Keeping History Above Water: Nantucket | Historic Flooding on Nantucket Part 1

Postcard image of the Easy Street boat basin full of fishing fleet boats gathered for protection escaping the storm on 1917. NHA archives.

Winter on Nantucket means punishing winds, high tides, and storm surges. Many of the low-lying areas of Nantucket town experience flooding during storm events. What do these flooding events mean for our historic structures? What can we do today, and how can we plan for the future?

This June 27-28, we hope you’ll join Preservation Institute Nantucket, Nantucket Preservation Trust, and the Town of Nantucket for a two-day symposium entitled Keeping History Above Water: Nantucket, in collaboration with the Newport Restoration Foundation. We’re building on the important foundational work started in Newport. Click here to read more about Newport Restoration Foundation and past Keeping History Above Water events. 

In the months leading up to the symposium, we’ll feature different topics related to sea level rise and historic preservation. Since we’re in the middle of winter and severe weather concerns are on the mind, we thought we’d kick off this series by looking at flooding on Nantucket throughout history.

We combed through the archives of the Inquirer and Mirror to see how flooding has affected Nantucket since the 1890s. Read on to learn more…

1890

February: “On the petition of the Nantucket Railroad for leave to move its track back 1,000 feet from the beach, to better protect it from damage by ocean storms, the committee on railroads were addressed by SK Hamilton, Esq. for the Railroad Co. There was no objection to the prayers of the petitioners, and a bill will be reported.”

1896

October: “The harbor was lashed into seething foam, and at flood tide in the afternoon the waves were breaking savagely across the wharves. Small boats in the docks and vessels moored at the piers tugged and strained at heir fastenings, and in one or two instances prompt work was necessary to save some of the small craft from damage. Many ladies braved the blast to view the wild turmoil of the waters. Brant Point was flooded, and was passable to pedestrians only as far down as the corner of Easton and Beach streets, the street below being completely submerged…”

December: “The partially complete bulkhead, belonging to Captain John Killen, connecting the Straight Wharf with Old North Wharf, was torn up and drive in alongside the wharf.

1898

December: “To particularize in detail the damage wrought by the storm would be impossible…”

The railroad bed across the Steamboat dock and on the marsh, likewise the car house on South Beach, are damaged by the waves.”

“All along the southern and eastern seaboard a tremendous surf rolled in, one of the highest ever known. It broke into all the ponds along the shore and swept across the beach at Wauwinet and into the inner harbor, surrounding at times and threatening to engulf the chapel and several summer cottages.”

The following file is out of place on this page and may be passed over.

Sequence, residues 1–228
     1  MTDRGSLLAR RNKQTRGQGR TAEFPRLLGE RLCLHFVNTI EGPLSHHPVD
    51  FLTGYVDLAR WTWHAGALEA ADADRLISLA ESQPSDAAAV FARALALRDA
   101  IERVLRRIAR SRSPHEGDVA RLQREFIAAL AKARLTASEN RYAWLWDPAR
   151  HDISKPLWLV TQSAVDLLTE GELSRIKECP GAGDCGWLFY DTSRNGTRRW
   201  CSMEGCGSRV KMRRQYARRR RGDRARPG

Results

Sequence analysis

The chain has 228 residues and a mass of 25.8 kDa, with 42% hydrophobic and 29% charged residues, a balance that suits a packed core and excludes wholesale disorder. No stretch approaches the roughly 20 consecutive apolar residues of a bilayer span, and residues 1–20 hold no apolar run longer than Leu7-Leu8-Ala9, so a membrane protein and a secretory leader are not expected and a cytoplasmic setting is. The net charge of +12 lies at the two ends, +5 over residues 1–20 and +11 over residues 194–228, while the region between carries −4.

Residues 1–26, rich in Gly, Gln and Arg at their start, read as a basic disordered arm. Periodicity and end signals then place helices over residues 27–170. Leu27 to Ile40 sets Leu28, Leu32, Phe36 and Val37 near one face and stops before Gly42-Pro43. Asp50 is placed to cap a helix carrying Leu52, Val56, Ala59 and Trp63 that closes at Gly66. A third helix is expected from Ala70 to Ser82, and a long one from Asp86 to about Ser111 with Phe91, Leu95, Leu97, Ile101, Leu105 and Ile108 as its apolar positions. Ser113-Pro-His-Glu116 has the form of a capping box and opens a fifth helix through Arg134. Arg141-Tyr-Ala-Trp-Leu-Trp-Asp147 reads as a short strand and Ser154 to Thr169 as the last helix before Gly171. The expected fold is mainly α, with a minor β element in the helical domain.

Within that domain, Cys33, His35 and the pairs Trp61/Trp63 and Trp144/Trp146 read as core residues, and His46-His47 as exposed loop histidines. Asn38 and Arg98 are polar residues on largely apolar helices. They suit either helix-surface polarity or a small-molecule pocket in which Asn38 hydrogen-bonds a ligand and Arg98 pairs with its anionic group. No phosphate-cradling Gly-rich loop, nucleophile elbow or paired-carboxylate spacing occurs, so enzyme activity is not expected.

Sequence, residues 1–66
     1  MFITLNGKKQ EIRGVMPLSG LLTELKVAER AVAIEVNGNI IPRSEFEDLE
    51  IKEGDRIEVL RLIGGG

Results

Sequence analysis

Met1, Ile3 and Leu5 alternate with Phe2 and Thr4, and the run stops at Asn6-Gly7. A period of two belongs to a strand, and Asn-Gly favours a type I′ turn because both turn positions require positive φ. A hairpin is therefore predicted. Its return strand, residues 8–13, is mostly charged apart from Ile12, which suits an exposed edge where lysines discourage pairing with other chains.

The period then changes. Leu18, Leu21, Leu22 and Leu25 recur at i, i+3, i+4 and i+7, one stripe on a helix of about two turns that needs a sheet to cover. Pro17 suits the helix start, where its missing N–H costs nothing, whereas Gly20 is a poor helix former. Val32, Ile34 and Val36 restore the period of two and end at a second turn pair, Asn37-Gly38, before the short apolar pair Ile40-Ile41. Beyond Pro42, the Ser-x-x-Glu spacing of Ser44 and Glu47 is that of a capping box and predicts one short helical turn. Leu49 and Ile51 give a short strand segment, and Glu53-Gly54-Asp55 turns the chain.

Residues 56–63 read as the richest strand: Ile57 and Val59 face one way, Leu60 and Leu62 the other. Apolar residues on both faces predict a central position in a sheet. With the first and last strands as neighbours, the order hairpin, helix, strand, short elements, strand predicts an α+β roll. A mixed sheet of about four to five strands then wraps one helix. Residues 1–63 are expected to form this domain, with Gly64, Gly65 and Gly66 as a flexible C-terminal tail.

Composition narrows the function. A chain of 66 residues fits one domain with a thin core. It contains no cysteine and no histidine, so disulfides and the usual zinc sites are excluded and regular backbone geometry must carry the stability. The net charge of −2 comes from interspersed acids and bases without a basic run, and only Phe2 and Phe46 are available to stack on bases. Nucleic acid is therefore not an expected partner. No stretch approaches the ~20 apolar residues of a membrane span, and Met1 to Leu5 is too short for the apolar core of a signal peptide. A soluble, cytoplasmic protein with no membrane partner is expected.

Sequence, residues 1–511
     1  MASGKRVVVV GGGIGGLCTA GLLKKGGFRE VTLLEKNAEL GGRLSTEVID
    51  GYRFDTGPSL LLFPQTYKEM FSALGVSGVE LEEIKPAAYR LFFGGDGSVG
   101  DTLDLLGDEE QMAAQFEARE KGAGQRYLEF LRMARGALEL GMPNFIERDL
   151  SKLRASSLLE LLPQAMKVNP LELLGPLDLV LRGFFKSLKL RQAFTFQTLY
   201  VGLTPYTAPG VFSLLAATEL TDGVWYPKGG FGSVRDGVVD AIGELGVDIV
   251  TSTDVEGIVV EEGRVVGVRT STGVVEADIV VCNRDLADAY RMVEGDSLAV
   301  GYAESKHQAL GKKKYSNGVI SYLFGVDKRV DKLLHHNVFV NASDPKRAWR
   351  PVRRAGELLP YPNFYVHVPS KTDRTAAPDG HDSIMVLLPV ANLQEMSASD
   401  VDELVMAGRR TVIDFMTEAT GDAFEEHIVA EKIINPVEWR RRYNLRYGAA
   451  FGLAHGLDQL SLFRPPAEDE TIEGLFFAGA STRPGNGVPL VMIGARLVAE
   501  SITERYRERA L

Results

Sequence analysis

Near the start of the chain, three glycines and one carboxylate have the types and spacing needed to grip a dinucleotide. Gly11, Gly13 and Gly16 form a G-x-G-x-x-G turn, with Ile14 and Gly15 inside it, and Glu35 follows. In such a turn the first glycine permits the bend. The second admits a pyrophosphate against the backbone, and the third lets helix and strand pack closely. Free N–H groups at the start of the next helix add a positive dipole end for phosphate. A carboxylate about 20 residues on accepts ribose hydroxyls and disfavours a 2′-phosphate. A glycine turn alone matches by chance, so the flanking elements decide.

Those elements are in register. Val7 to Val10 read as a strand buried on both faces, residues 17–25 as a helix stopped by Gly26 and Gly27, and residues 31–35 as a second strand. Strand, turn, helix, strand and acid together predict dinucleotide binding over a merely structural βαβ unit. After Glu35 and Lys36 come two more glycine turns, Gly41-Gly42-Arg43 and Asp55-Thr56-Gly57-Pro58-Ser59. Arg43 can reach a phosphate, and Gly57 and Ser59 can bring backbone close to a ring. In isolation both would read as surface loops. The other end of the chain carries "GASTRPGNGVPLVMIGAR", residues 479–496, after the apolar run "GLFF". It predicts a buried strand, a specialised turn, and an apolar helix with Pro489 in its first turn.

1910      

January: “…it experienced a phenomenal high tide, which submerged the wharves, flooded the streets and property near the water front, and made things somewhat lively for a while.”

“The tide rose to a height not known for many years, and shortly before noon on Sunday the sight witnessed along the water front called many of our citizens from their homes to view the unusual conditions.”

Brant Point was completely submerged.”

“The view of the point, covered with water all the way from the cliff beach bath-houses to the inner shore of the harbor, was a sight that has not been witnessed before for many years.”

1915

February: “A large crowd of skaters were in evidence Sunday afternoon, on the meadows at Brant Point, which had been flooded with water since the high tide of the 13th [of January] and were frozen over by the cold snap of Friday and Saturday.”

1922

September: “The Brant Point meadows were flooded; the bathing beach road was transformed into a river; residents had to wade in order to reach their cottage; all of the low sections were under water.”

But the memory of man is fickle, for it happened that August in the year 1889 knocked this year’s record all to smithereens, for that month showed a total of 11.05 inches, 5.00 inches of which fell in twenty-four hours. If you keep a diary, just look back to August 1889, and you will see that August in that summer was far ahead of this one in rainfall.”

1927

August: A number of cars were stalled in the water which flooded Brant Point Road in places; and all over town car owners were having trouble in getting their machines to percolate properly, as the water found its way under the hoods and caused trouble regardless of the make.”

 Next week, we’ll look at 1930 to the present. Do you have memories of flooding on Brant Point or other areas of town? Please email us at info@nantucketpreservation.org and let us know if we can use your recollections for our blog and archives.